Facebook is more immersed in the development of internal games with the launch of its own version of Snapchat’s multiplayer augmented reality video chat games. Today, Facebook Messenger launches its first two AR video chat games that you can play with up to six people.
“Do not smile” is like a looks contest that detects if you smile, and then uses AR to contort your face in an exaggerated Joker smile while you give your opponent victory. The “Asteroid Attack” allows you to move your face to navigate in a spaceship, avoiding the rocks and catching the laser beam enhancers. Soon, Facebook also plans to launch “Beach Bump” to pass an AR ball back and forth, and a cat pairing game “Kitten Craze”. To play the games, start a video chat, press the star button to open the filter menu and then select one of the games. You can capture and share screenshots in your conversation thread while you play.
Games are effectively a way to pass the time while you chat with video, instead of doing it on your own. They could be a success with parents and grandparents who are far away and want to spend time with a child … who is not exactly the best conversationalist.
Facebook tells me that it built these games using the AR Studio tool released last year to allow developers to create their own AR-face filters. When asked if game development would be available to everyone through AR studio, a spokesperson told me, “Not today, but we have seen successful short session AR games developed by the creator community and we are always looking for ways to deliver what AR content to the FB family of applications “.
For now, there will be no ads, sponsored brand or in-app purchases in Messenger video chat games. But all offer opportunities for Facebook and, potentially, external developers to earn money. Facebook could easily show an interstitial ad between game rounds, allow brands to build games to promote movie launches or product launches or allow you to buy enhancers to defeat your friends or update your appearance in the game aesthetically.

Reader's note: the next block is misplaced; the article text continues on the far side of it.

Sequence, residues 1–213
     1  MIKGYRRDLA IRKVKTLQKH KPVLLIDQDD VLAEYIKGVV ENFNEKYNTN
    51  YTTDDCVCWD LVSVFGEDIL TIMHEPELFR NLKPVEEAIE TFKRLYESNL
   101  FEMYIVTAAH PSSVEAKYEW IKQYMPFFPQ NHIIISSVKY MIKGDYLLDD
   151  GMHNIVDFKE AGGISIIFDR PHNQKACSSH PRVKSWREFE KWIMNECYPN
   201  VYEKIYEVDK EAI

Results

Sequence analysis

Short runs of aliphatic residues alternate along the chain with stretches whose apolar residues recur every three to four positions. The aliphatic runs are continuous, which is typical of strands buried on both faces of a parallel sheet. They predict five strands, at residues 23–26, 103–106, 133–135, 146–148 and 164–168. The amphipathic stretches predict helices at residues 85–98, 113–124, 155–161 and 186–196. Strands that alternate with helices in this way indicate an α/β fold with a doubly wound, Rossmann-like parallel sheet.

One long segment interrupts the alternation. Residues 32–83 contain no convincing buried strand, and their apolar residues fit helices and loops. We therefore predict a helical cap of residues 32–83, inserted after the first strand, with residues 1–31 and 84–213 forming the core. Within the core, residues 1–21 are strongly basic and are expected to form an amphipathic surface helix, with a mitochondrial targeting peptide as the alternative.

The games seem less polished than the launch titles of Snapchat’s Snappables game platform, which was launched in April. Snapchat focused on capturing the entire screen with augmented reality, transporting you to space or a disco ballroom. Facebook games simply overlay some graphics in the world around you. But Facebook games are more designed for multiplayer split screen mode. According to reports, Snapchat is building its own third-party game development platform, but it seems that Facebook wanted to take advantage of it.
AR video chat games live separately from the Messenger Instant Games platform that the company launched last year. These include arcade classics and new titles for mobile devices that users can play alone and challenge their friends for the highest scores. Facebook now allows Instant Games developers to monetize with in-app purchases and ads, presaging what AR-video chat games might be.
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